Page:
And then there’s Michael Cole, the internet’s (and based on some of the one liners tossed his way on air, the WWE’s) favorite announce team whipping boy. We all know, or at least assume, that most of what Cole spouts out is fed to him from backstage. But the complete over the top, near screaming delivery of the anti-any wrestling not done in the WWE universe viewpoint during the main event was on a whole nother level of hyperbole. It even brought to mind for me the later years of Tony Schiavone in WCW, where everything was a greatest moment or the most heinous action ever seen.  Again, the question is if this side of Cole exists solely in the NXT bubble. I certainly hope so; Cole is already in serious danger of being a detriment to the viewing audience, and if this new persona spills over the Raw announce team will be in serious trouble.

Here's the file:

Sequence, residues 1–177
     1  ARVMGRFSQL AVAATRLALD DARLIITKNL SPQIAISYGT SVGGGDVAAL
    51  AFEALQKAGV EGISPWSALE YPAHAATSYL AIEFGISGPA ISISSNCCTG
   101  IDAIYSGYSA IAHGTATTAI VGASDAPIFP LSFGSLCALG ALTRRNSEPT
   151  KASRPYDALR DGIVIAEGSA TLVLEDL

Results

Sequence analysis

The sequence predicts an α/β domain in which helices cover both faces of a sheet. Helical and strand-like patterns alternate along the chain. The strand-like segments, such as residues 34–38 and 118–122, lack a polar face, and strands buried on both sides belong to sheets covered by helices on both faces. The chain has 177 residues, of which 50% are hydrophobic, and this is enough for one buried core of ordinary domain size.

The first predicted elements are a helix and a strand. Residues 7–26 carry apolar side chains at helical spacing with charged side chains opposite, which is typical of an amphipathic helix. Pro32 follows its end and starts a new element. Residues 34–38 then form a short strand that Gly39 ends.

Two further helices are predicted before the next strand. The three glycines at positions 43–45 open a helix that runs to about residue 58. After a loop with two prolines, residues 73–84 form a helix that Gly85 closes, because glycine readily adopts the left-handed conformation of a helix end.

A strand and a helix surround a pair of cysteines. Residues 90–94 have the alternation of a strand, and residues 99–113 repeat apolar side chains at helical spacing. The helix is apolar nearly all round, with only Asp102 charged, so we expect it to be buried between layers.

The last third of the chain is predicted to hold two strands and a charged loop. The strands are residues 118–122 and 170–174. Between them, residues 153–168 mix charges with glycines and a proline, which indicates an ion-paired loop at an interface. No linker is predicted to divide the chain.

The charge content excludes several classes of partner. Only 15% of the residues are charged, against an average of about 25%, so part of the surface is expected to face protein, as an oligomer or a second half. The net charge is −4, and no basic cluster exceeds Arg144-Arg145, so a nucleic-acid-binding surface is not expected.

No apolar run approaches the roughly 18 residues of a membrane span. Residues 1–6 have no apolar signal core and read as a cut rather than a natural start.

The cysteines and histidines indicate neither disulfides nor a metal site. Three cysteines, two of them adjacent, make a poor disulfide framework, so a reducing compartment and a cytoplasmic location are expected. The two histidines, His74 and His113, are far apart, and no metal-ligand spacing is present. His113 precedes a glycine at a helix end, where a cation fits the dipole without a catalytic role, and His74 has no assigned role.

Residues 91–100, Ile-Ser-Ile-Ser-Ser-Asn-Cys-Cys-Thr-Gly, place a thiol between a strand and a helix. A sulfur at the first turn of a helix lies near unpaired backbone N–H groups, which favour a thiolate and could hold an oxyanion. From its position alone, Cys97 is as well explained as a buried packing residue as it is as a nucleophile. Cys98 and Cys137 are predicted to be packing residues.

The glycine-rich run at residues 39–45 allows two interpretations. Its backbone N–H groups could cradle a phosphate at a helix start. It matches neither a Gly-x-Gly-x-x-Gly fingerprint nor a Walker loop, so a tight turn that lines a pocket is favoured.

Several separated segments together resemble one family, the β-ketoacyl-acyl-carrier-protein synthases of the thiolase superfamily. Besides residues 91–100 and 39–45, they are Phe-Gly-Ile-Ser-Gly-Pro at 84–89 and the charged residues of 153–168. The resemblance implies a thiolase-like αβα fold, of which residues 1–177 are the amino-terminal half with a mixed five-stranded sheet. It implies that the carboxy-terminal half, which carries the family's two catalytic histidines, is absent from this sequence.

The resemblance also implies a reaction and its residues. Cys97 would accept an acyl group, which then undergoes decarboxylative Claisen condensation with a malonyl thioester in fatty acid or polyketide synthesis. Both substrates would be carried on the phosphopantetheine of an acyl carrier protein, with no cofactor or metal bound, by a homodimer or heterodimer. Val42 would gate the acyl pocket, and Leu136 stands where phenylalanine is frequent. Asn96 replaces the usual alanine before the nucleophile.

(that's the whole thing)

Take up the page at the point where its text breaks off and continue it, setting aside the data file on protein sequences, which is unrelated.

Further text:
Still, all in all, I have to say, I was impressed. I wasn’t expecting much from NXT, let alone a desire to see where it went after it’s debut episode. But here I am eager to see, well… what’s NXT.